For centuries humans across the globe, have been restrained in some form or the other. Forced to live while being chained to a social system of hierarchy, be it class, gender or in this case Caste. In words of BR Ambedkar, a system so deeply entrenched in society that even ‘Virtue becomes caste ridden and Morality becomes caste bound.’
Casteism, is a systemic form of discrimination which was originally established 2000 years ago as a division of profession or varna, however, with time, it transformed into a system of social hierarchy. This system of caste division was corrupted into becoming a mechanism which validated the discrimination of people by bringing a change in their discursive knowledge. Ultimately, conditioning them over centuries to believe in their inferiority as human beings.
Owing to the nature of their profession, shoved at the bottom of this social system of hierarchy was the Dalit community, which was restricted to professions such as cleaning, manual scavenging and sanitation work. They were robbed of their right to resources such as land, education, justice and in turn were subjected to countless brutalities ranging from segregation, and violence, to exploitation of resources. Placed at the lowest class of the caste system, the Dalit community have found themselves to be at the receiving end of extreme forms of physical, mental and emotional torture. The Dalit community has suffered legally sanctioned practices of exploitation and brutalities up until 1947, when untouchability was made punishable by law and casteism was abolished constitutionally.
However, 73 years later, the question that arises is: Does the caste system only discriminate against Dalits as a community or does there exist a section of population which is the marginalized amongst the marginalized? Dalit women are that section of population. They find themselves to be at the intersection of caste and gender. As victims of double discrimination, they are often positioned by society at the bottom of caste, class and gender hierarchies. They have always been the primary targets of discrimination from patriarchy, which exists within their own community, and from those outside their community.
Dalit women, to date, lack the economic, legal and financial resources required to lead a dignified life as an equal. As more than three-fourths of the Dalit population resides in rural India, women are mostly engaged in wage labor, where they are forced to work within the village-based economy due to care and reproductive responsibility. Owing to the agrarian nature of the economy they receive low wages and unstable employment contracts . Being victims of structural violence, Dalit woman are often landless, due to which they fall into a vicious cycle of poverty and as a result lack the capital, skills and knowledge required to be self-sufficient. Having one of the highest levels of poverty in the country, unable to afford an education, young women are often married as teenagers which results in large scale illiteracy amongst Dalit women. Illiteracy ultimately acts as a deadlock in terms of future employment opportunities. As a result, the opportunity to rise above one’s social status through education does not always exist for them.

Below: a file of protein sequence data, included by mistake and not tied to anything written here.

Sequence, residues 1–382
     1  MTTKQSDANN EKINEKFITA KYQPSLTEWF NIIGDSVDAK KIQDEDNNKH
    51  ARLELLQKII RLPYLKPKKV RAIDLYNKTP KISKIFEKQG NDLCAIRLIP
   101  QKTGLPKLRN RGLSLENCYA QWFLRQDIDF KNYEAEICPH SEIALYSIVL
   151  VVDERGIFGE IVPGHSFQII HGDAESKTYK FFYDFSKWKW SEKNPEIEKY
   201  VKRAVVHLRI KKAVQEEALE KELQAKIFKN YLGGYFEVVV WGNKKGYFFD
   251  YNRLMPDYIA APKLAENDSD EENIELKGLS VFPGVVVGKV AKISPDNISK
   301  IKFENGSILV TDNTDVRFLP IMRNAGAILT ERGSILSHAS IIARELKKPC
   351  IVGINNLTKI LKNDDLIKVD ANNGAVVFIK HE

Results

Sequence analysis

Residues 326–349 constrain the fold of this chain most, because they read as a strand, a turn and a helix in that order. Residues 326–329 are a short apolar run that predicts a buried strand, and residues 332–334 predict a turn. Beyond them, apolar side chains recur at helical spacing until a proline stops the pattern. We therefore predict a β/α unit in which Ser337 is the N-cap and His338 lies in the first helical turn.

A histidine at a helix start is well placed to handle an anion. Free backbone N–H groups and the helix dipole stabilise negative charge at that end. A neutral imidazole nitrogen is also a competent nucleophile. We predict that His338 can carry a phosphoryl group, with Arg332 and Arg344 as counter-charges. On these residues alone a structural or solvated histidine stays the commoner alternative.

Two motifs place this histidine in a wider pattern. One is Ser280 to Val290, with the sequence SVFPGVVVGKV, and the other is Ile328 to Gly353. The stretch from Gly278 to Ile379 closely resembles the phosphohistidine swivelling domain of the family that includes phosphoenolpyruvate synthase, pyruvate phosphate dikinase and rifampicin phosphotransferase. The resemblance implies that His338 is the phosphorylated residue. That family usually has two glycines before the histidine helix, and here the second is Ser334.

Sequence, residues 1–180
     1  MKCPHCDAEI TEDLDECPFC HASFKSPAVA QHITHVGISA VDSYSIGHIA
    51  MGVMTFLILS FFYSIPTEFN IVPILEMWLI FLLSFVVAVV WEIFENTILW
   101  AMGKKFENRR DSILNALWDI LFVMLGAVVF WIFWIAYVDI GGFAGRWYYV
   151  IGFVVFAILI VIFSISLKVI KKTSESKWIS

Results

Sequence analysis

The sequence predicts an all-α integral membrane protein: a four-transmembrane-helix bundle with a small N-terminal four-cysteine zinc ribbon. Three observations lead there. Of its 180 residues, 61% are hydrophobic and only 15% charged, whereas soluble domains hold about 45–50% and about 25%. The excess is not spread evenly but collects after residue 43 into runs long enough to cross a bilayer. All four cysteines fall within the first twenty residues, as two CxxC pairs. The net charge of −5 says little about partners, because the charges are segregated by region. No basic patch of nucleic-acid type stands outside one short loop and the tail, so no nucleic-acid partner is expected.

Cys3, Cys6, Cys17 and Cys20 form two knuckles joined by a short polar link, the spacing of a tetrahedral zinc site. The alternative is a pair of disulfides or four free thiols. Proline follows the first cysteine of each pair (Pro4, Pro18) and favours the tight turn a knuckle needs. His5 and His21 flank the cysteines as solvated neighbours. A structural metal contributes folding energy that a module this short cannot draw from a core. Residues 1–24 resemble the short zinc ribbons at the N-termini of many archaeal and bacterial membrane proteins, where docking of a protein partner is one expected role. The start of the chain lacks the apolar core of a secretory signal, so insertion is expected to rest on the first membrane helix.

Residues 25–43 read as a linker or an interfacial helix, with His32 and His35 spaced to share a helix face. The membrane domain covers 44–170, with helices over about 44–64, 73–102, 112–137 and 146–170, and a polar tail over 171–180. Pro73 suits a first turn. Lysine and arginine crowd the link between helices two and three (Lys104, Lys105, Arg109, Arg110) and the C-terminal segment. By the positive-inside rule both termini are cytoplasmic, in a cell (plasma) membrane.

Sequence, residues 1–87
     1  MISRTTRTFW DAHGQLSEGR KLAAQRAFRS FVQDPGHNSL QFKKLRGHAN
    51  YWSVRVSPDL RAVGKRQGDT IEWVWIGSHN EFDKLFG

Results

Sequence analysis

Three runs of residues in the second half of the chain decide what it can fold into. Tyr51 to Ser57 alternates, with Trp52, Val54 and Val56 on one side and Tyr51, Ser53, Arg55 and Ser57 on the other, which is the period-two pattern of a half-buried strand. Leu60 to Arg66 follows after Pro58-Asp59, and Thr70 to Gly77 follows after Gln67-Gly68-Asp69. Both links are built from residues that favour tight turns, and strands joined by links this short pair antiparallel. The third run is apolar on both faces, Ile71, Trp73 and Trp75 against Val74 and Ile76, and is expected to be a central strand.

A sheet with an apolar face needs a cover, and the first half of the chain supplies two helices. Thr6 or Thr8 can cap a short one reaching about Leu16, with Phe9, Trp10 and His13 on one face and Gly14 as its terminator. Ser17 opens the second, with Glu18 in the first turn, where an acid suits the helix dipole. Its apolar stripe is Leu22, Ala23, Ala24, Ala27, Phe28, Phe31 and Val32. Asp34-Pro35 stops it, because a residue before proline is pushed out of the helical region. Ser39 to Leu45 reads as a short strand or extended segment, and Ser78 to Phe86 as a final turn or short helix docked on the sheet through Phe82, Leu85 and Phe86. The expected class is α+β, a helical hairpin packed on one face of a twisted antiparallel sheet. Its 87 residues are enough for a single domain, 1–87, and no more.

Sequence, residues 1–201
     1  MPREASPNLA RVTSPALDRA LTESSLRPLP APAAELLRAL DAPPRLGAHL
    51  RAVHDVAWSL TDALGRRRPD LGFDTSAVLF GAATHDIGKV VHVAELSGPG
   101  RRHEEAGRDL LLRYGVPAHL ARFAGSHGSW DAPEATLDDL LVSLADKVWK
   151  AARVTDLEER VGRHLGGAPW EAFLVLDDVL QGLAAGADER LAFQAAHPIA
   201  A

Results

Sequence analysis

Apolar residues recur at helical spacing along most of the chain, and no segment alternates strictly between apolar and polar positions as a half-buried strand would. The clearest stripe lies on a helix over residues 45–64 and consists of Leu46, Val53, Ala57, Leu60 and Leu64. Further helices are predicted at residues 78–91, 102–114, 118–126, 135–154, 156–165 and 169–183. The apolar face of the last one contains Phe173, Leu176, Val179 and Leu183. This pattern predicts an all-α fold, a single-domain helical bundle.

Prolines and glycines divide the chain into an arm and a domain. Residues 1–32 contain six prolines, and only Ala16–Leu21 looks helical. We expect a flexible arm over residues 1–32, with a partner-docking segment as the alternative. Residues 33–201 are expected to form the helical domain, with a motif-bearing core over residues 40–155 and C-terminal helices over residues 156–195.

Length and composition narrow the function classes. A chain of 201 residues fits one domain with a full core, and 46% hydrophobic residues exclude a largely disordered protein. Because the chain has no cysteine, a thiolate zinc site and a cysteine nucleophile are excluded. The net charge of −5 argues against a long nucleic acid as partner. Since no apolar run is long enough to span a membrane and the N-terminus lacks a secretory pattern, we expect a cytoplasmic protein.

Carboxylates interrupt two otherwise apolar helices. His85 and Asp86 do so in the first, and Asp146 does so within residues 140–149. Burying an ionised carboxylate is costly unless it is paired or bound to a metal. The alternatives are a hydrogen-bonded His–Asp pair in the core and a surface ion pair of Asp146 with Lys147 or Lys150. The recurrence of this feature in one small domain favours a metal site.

In a world that is rapidly advancing towards the future, promising the dawn of a new era, there remains an entire community of women trapped in an oppressive and backward system of exploitation. While the international community preaches the ideals of equality and liberty, 97.9 million women belonging to the Dalit community in India are at a risk of becoming victims of ‘modern slavery’ in the garb of caste and gender.
The hardships suffered by Dalit women is not just limited to socio-economic issues, but extends to physical and mental abuse. One of the worst forms of violation that Dalit women have suffered through centuries of caste discrimination is caste-based gendered violence. Violence be it physical or sexual has been exercised as a social mechanism to maintain Dalit women’s perceived subordinate position in society. Heinous crimes and atrocities such as rape, homicide, physical and mental torture inflicted on Dalit women have gone unchecked for decades.
As someone who has been raised to believe in the idea that every woman is a shakti, a reincarnation of strength and power, coming across reports of oppression suffered by women in the Dalit community not only evokes a sense of sorrow but also shame.
Even though several policies and laws aiming to prevent caste-based discrimination have been enacted and implemented, at the national and local level. There remains a dire need for immediate action that needs to be taken at the individual and international level.
As you find yourself reading this, far away from the harsh realities which Dalit women battle through each day of their lives, you can either choose to ignore this or you could use your power of education to be a voice for these voiceless and create awareness by providing them with forums of redressal where they have access to social and economic justice and can receive their chance to lead life with dignity as equals.
1. Bringing Dalit Women To the Forefront https://idsn.org/wp-content/uploads/2018/12/Bringing-Dalit-Women-to-the-Forefront-Realities-and-Challenges2937.pdf Khan, R. U. (2016).
2. Trust, N. (2013). The situation of Dalit rural women. ohchr https://www.ohchr.org/Documents/HRBodies/CEDAW/RuralWomen/FEDONavsarjanTrustIDS.pdf
3. Pradeep, M. (2014). Current Scenario of Dalit Women in India http://idsn.org/wp-content/uploads/user_folder/pdf/New_files/Key_Issues/Dalit_Women/Manjula_Pradeep_-_Current_scenario_of_Dalit_women_in_India_2014.pdf
4. Mangubhai, J. P. (n.d.). Violence against Dalit Women. IDSN. http://idsn.org/wp-content/uploads/user_folder/pdf/New_files/Key_Issues/Dalit_Women/Manjula_Pradeep_-_Current_scenario_of_Dalit_women_in_India_2014.pdf
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